Overactive bladder syndrome (OAB) may be caused by bacterial infection. In OAB, the bladder muscles spontaneously contract before the bladder gets full, leading to urgency and frequency of urination and even causing bladder leaks.
Researchers found low-grade inflammation in some OAB patients which was not detected through the conventional NHS testing. This low-grade inflammation may lead to an increased sensory nerve excitation and OAB symptoms.
The presence of low-grade inflammation was linked to bacteria living in the bladder walls. Due to observational nature of the study, no definite conclusions can be drawn, but the findings may prompt clinical reclassification of OAB and may be useful for future treatments.
If you’ve recently been diagnosed with OAB or if you think you may have this syndrome, here are some possible causes of your condition, which are not age related.
A neurological disorder can bring on OAB. Possible conditions include:
In these cases, the nerve signals that tell us when to go get disrupted. If trauma occurred during a surgery, OAB can be only temporary. But depending on the results of the surgery, it can be long lasting as well.
Although medications are prescribed to address a condition, they can lead to other issues – such as OAB. Water pills, for example, are often prescribed for blood pressure to make sodium leave the system. In turn, they can cause a higher frequency of urination. Furthermore, pills containing caffeine also work as a diuretic and can make you visit the washroom more often, too.
Often, certain medications require you to drink more fluid, once again causing the symptoms of OAB. So if you’re finding your treatment is making you urinate more, speak with your doctor about possible alternatives.
Similar to neurological disorders, pre-existing medical conditions can also bring on OAB. This scenario involves treating the underlying condition to lower the OAB symptoms. For example, diabetes can cause nerve damage, which can once again disrupt the bladder’s response signals to the brain. If you can get your diabetes under control, you’ll notice some improvement in the symptoms. Other conditions that may cause an overactive bladder are kidney disease, bladder tumors, and urinary tract infections (UTIs).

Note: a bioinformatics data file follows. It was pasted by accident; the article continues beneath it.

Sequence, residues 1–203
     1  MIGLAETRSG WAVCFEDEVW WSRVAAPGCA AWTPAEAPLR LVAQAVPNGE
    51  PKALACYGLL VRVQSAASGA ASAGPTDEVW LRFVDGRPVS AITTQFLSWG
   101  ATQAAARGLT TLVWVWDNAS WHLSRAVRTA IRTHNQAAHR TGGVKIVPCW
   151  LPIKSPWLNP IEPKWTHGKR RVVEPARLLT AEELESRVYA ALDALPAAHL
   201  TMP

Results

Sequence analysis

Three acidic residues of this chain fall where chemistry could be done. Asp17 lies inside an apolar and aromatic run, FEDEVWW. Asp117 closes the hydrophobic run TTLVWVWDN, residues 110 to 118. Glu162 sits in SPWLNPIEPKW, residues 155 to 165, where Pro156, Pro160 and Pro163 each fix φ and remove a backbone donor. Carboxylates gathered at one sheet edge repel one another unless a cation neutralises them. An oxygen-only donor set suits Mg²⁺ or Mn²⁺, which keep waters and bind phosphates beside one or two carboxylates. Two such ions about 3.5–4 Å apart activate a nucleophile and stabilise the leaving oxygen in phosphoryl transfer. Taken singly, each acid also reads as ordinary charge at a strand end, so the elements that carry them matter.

In the case of the latter, bacteria cause an infection, making the walls of the bladder more active. A UTI can easily be treated with antibiotics, so the OAB symptoms will subside soon after.
Your diet is an important aspect in controlling your OAB. If you’ve been diagnosed with an overactive bladder, you should steer clear of acidic foods like tomatoes and oranges, curb your intake of caffeine and alcohol, stay hydrated, and get enough fiber.
Taking in adequate fiber is important for OAB treatment because without fiber you can develop constipation, which creates a blockage for bladder outflow.
Maintaining a healthy weight is also great for preventing obesity-related OAB symptoms. Enjoying a balanced diet with essential nutrients is not only crucial for our overall health, but quite beneficial for our bladders, too.
Foods to avoid with an overactive bladder include caffeinated foods and beverages, alcohol, spicy foods, citrus foods and beverages, carbonated foods, milk and milk products, sugar or honey, and artificial sweeteners.
Foods that are good to enjoy with an overactive bladder include non-citrus fruits, grains, legumes, and vegetables.
Regardless of whether you have OAB, you need to take good care of your bladder health. Here are some tips to keep your bladder healthy:
By following these bladder-friendly tips and being aware of the possible causes of OAB, you can ensure your bladder stays healthy for many more years to come.